Originally, I was born in London, but I consider Ballina my home town as I’ve grown up there. Ballina’s a friendly town, located west of Ireland and is well-known for its annual Salmon Festival and fishing in the River Moy. It’s a scenic, homely town where I’ve experienced many fond memories.
What is the greatest thing about the place you call home?
My favourite thing about Ballina is by far how scenic certain areas are. After living there for the past ten years I have found some of the most breath-taking spots where some of my most treasured memories unfolded. There are certain areas I could sit at and just think and write for hours on end happily. The River Moy is a spectacular addition to Ballina, one can go right up to the river bank the whole way along and do as they please. Without this, Ballina wouldn’t mean as much to me as it does as it really is the heart of the town’s beauty.
What turns you on creatively?
I am very much so a sensitive, ‘feeling’ type of person. When my emotions swell, my creativity turns on like a light switch. This enforces in my head that the simplest of things, such as a puddle or a tree could be a perfectly stated metaphor for how I’m feeling. For example, in my poem Broken Minded I stated ‘This puddle my mind, rippling with each drop of rain, or as I call them, thoughts’. I was staring bleakly at a puddle in the rain, swamped by rogue thoughts that pushed me to think as though the puddle was my mind.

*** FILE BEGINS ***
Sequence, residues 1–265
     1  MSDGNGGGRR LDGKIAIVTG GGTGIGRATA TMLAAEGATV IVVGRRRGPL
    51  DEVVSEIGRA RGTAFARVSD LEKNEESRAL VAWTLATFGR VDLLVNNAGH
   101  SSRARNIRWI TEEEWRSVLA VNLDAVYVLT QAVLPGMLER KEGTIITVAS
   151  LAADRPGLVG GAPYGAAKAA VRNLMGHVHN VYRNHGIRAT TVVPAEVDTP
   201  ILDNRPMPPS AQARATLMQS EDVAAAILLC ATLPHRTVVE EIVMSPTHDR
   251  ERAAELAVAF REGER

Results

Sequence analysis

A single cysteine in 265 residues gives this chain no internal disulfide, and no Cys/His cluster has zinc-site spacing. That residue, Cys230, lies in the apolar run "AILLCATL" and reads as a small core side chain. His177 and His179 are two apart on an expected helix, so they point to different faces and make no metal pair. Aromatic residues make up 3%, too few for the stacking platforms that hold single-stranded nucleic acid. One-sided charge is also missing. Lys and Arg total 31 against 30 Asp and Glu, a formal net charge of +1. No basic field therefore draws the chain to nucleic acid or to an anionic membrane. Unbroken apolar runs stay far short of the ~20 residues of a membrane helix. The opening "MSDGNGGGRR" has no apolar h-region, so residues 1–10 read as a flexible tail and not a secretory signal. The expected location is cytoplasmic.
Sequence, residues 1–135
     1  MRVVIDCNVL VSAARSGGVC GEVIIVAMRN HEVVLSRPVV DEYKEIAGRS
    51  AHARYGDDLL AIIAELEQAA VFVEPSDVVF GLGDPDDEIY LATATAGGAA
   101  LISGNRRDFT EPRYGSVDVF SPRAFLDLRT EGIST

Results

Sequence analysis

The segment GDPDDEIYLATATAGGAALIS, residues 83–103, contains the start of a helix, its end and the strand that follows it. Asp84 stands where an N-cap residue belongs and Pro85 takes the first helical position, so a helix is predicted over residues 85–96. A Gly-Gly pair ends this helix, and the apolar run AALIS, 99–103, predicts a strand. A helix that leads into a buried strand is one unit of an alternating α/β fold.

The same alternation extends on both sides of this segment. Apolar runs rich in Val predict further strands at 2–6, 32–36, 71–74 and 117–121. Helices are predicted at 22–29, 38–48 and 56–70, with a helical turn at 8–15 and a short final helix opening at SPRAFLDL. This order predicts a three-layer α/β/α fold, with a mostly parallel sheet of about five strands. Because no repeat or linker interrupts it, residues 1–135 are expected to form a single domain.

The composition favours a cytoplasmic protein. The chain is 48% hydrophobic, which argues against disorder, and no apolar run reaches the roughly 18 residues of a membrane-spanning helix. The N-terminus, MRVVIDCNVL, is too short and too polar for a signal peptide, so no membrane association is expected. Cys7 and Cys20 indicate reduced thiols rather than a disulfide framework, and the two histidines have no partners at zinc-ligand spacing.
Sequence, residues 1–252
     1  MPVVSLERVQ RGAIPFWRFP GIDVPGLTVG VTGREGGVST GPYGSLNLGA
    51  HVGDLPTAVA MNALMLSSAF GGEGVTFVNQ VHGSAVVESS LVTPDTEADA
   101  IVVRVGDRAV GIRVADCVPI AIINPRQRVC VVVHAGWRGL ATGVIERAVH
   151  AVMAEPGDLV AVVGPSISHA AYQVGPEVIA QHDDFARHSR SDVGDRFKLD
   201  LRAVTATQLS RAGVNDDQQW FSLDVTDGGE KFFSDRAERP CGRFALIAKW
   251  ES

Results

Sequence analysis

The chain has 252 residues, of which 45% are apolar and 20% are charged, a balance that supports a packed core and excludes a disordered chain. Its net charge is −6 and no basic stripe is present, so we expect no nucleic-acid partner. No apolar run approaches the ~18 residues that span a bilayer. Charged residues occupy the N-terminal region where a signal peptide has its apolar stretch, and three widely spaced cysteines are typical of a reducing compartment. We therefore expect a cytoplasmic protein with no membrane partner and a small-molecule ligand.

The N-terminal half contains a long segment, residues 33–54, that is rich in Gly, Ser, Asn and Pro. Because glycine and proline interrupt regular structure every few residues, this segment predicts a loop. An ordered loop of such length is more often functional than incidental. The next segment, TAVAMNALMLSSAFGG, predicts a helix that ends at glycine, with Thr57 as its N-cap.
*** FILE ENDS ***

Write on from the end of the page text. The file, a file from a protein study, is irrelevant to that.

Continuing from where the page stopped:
What is your favorite word, and can you use it in a poetic sentence?
There are many words which I have strong feelings for, one of my favourites would be weeping. It’s such a delicate sounding yet meaningful word.
An example of weeping in a poetic sentence would be:
“The blackened tree bowed down, as you started walking away, it was weeping over you, sorrowful, yet still protecting you from me“.
What is your pet peeve?
One of my biggest pet peeves is when people come to me telling me my poetry would be much better if I focused more on using poetic techniques, that techniques are the point of poetry, and that it isn’t proper poetry without. I believe that anyone who writes something meaningful, that sounds good and can be felt by those who read it is a good poet, and lack or use of techniques wouldn’t change that.
What defines Rayna More?
I believe what truly defines me is how forgiving I am. Without my forgivingness I wouldn’t be who I am or where I am today. I wouldn’t have experienced the emotions that forgiving shows me, and I would be more close-minded. It’s a major part of who I am, and without it I’d believe I’d be a very different person. A lot of my poetry would never have existed if it wasn’t for it, it allows me to look at the world in a more open way and I’m happy for that.